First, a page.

Dear Sir, I am writing in reference to your article “Paolo d’Amico acknowledges green gamble as IMO 2020 roulette wheel spins” (which appeared in TradeWinds the week of 12 April).
We believe your writer misquotes the Intertanko chairman — who mentioned the association’s push for the global use of distillates in 2006 — as admitting that it “lobbied hard for a 0.5% global sulphur cap” in 2008.
While this may have served as a convenient hook for the story, one would hope a shipping journalist would know the quite significant difference between MDO [marine diesel oil] and 0.5% LSFO [low-sulphur fuel oil].
The piece then continues to make incorrect assumptions about the reasons why Intertanko suggested a “distillates only” solution for the revision of Marpol Annex VI, insinuating that the idea was based on commercial reasons.
We found this surprising, because fuel oils, albeit residuals, also require transport by tankers, and even if residual fuels had been replaced by distillates, resulting changes would have been to logistics mainly, not volumes.
Intertanko’s suggestion of a “distillates only” solution was an attempt to bring more predictability to IMO regulations on air emissions. Marpol Annex VI was initially adopted in 1997 and took eight years to be finally enforced in 2005. Then, in July 2005, just two months after it came into force, the IMO decided to reopen Annex VI for major changes.
Intertanko members felt something had to be done to ensure that ships expected to be delivered in 2010, costing tens of millions of dollars each, were adequately prepared to safely meet air emission regulations in 2020, 2030 and beyond. So, the real reason behind the Intertanko proposal was simply to ensure a predictable regulatory framework in which to plan and manage fleet development.
Today, we frequently hear from industry stakeholders wishing they had backed Intertanko’s suggestion in 2006
Intertanko’s 2006 proposal was based on three principles: the regulation should be (a) safe and easy to comply with; (b) easy to enforce; and (c) easy to control. The distillate-only solution was the best “fit” for these criteria as it would provide:
■ Improved safety — by removing the need for ECA [emission control areas]-led fuel switches and associated potential sources for human error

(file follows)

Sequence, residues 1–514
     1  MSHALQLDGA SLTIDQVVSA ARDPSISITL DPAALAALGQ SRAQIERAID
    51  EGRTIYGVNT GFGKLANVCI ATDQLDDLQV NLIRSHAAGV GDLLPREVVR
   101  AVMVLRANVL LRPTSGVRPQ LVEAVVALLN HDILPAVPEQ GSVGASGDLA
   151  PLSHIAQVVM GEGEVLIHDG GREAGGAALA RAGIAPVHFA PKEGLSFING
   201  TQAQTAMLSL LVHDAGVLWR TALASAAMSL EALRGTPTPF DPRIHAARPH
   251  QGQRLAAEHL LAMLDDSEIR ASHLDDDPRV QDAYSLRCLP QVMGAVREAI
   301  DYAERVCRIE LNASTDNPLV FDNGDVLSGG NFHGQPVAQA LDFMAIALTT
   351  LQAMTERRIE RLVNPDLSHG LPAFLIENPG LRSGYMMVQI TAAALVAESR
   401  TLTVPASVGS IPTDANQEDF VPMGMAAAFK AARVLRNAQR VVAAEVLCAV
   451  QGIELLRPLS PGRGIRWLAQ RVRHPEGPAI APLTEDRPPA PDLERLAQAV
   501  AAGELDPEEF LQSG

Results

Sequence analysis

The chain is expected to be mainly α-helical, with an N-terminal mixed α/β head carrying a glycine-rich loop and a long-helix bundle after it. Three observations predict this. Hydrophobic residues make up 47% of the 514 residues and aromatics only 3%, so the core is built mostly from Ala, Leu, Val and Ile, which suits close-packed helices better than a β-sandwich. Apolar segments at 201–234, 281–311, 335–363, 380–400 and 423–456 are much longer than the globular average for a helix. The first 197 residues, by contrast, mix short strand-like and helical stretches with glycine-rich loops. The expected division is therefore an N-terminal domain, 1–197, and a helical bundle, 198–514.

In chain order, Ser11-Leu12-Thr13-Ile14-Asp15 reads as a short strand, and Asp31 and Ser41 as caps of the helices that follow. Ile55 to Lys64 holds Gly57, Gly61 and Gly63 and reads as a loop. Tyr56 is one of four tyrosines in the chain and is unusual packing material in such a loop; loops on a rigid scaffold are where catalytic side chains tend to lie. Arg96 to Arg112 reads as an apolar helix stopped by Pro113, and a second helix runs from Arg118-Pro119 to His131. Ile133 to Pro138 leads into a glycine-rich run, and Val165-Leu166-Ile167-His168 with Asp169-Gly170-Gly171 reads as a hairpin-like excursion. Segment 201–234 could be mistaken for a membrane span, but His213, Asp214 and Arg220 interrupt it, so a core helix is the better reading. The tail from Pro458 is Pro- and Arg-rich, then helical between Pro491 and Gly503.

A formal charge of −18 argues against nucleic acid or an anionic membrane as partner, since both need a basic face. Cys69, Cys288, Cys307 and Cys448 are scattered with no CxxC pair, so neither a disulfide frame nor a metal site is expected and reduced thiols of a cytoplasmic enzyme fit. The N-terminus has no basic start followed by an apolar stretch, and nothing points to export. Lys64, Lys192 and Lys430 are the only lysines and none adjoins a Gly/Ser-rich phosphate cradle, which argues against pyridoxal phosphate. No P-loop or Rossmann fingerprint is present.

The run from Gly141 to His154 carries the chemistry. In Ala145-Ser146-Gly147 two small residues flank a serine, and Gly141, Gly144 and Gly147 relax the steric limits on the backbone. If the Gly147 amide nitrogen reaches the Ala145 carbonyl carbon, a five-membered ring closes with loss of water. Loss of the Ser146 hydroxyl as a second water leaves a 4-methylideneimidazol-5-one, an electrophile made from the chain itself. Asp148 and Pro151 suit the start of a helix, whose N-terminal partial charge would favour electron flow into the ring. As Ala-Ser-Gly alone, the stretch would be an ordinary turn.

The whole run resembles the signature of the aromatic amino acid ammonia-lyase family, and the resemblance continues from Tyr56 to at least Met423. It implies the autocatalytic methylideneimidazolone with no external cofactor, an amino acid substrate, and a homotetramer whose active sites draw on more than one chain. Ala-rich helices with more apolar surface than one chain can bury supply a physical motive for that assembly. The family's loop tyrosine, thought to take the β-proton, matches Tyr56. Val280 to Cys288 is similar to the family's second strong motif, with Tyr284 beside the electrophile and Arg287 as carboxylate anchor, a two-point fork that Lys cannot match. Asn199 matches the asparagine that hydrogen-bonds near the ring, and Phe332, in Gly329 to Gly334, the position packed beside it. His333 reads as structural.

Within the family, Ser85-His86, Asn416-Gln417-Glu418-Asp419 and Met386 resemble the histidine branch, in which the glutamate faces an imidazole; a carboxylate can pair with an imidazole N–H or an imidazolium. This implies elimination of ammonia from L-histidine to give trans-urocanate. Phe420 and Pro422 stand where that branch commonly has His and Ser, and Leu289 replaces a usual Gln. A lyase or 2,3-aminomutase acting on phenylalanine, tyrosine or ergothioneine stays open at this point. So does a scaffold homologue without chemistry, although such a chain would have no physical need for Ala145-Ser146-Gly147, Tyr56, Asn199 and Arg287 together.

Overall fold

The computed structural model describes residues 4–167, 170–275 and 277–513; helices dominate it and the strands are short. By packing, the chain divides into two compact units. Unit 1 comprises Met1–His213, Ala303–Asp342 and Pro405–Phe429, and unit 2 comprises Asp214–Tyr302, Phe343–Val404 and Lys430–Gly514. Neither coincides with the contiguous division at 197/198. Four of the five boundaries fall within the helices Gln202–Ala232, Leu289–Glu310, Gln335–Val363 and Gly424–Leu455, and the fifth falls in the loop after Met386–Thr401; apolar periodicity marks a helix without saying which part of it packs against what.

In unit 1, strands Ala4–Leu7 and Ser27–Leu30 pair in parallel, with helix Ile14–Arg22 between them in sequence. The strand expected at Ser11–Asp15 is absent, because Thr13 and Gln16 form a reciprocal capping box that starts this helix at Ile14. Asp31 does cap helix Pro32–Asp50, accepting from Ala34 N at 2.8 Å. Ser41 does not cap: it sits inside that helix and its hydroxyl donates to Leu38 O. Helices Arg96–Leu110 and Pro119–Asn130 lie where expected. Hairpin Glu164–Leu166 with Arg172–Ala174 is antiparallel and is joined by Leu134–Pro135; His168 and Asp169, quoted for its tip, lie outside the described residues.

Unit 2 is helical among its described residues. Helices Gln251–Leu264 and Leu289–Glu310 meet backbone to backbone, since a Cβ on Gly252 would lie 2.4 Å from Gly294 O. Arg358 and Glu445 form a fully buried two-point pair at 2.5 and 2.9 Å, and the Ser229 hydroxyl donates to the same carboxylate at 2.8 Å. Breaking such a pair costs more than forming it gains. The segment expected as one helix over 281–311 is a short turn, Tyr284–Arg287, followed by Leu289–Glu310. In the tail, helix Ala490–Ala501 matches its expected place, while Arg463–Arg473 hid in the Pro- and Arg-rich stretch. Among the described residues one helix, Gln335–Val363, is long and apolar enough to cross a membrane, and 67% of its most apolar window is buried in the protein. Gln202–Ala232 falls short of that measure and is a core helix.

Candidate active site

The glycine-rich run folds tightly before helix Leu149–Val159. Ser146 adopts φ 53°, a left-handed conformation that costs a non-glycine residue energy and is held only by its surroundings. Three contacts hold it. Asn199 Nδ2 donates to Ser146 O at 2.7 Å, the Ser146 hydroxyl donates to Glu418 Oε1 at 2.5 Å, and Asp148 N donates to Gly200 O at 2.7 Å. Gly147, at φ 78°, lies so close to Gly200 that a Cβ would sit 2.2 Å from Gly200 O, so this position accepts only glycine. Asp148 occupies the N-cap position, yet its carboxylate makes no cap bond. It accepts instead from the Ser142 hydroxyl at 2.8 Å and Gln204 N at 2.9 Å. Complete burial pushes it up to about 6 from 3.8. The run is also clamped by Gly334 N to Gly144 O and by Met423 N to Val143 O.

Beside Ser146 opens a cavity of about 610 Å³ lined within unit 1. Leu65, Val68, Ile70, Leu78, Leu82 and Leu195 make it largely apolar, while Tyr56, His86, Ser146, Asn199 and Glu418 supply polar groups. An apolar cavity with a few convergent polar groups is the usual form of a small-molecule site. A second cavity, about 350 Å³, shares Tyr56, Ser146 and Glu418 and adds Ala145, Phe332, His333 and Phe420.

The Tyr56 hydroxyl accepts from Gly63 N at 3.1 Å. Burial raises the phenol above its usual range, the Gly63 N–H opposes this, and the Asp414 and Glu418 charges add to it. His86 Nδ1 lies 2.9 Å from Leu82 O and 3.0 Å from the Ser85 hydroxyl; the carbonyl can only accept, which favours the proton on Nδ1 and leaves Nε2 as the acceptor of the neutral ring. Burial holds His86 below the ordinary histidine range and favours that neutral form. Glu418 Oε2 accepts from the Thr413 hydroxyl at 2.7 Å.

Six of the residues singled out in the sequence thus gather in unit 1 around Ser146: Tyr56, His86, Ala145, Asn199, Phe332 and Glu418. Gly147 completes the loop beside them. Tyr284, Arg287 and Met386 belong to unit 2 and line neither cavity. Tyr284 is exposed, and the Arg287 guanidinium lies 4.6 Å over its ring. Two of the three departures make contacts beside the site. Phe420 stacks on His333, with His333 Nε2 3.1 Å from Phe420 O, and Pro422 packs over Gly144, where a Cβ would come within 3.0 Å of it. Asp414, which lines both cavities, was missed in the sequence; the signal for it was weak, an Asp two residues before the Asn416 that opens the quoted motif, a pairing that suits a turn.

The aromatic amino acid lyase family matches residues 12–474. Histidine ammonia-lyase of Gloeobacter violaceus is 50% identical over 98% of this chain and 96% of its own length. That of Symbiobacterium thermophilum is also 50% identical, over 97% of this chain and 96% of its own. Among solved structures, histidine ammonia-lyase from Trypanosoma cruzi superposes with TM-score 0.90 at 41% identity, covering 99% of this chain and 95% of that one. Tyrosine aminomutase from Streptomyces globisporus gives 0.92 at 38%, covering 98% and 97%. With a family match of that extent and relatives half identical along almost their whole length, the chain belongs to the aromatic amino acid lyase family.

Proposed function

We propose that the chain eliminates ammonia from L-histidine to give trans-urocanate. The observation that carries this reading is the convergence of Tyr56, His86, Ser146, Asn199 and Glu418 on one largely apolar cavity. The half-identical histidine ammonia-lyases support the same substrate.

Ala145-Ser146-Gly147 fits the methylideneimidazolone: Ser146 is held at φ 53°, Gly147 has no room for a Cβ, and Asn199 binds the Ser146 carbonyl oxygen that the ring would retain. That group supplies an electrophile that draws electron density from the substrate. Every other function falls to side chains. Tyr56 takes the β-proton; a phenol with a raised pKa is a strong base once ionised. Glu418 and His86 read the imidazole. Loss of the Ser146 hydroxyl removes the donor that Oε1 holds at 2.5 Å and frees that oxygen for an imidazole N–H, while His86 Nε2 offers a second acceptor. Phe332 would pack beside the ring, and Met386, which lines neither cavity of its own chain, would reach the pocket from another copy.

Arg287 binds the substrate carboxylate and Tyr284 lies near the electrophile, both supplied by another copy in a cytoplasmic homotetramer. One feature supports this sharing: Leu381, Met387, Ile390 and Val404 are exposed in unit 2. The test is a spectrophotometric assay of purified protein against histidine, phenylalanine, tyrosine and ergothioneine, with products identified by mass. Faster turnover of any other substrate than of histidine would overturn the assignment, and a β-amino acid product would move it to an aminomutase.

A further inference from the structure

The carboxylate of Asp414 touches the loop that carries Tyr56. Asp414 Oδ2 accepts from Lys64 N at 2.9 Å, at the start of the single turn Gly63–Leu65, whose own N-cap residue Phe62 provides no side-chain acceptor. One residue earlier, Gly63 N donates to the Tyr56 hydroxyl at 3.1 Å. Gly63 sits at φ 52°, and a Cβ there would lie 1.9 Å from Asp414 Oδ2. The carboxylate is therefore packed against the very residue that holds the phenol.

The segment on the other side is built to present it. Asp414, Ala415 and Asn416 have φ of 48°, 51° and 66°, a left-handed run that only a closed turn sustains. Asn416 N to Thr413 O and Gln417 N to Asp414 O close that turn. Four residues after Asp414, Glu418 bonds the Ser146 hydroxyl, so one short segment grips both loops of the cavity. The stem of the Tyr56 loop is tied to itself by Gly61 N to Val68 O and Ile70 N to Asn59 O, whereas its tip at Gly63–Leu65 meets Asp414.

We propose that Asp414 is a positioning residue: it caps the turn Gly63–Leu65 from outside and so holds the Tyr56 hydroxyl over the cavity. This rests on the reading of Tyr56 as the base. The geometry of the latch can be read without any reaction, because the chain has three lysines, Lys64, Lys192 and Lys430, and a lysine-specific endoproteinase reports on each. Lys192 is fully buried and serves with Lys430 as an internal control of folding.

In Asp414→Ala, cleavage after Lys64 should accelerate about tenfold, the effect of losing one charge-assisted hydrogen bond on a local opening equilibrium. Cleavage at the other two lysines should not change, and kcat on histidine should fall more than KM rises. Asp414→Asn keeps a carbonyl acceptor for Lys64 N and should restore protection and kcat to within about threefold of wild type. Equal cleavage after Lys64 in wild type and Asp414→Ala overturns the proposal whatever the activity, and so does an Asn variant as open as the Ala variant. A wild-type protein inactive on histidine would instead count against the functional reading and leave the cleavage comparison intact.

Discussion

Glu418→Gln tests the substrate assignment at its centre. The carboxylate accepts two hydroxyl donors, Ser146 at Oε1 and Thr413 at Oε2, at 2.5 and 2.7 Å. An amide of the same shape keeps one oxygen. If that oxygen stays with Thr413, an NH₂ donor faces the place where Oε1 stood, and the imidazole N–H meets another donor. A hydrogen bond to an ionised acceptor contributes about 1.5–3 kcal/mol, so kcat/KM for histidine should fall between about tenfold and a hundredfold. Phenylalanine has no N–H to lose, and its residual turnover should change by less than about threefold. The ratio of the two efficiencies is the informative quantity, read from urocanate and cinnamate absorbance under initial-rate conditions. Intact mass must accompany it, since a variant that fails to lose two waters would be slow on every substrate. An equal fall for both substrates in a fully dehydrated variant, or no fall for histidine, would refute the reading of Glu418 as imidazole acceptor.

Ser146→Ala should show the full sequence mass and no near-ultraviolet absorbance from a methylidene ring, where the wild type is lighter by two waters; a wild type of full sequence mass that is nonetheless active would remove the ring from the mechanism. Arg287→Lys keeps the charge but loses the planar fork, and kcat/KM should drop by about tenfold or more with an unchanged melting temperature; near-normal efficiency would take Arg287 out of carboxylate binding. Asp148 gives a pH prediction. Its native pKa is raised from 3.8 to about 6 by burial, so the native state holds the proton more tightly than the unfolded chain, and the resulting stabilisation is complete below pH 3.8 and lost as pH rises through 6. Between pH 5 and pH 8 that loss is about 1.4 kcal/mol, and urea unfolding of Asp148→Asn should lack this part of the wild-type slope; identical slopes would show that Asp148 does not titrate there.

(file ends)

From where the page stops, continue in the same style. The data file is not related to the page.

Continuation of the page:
■ Operational simplicity — no fuel switching, cleaner work environment in the engine room, no additional installations needing maintenance, inspections or certification
■ Environmental benefits — more than 95% less sludge from heavy fuel oil treatment
■ No market distortion — all ships would pay the same price for a single type of fuel.
It is true that Intertanko did suggest a sulphur cap, but the IMO did not agree. So, blaming Intertanko for the outcome in 2008, the existence of ECAs, different fuel grades or the permitted use of residual fuels with exhaust-gas cleaning systems is convenient for the author but not justified.
Today, we frequently hear from industry stakeholders wishing they had backed Intertanko’s suggestion in 2006. Our chairman made reference to this within the context of heated discussions surrounding the 2020 sulphur cap enforcement. We were as convinced then as we are now that our proposal would have provided a much better, cleaner outcome.
In light of the above, it is surprising that in 2006 and 2019, environmental groups were, and still are, silent on our proposal.
Just as surprising are the cynical press articles, seemingly more concerned with the difficulties refiners may have in producing distillates and the only reference made to ships being about how expensive the fuels might get.
Maybe, at the time, Intertanko was simply thinking further ahead than others?
Katharina Stanzel, managing director, Intertanko, London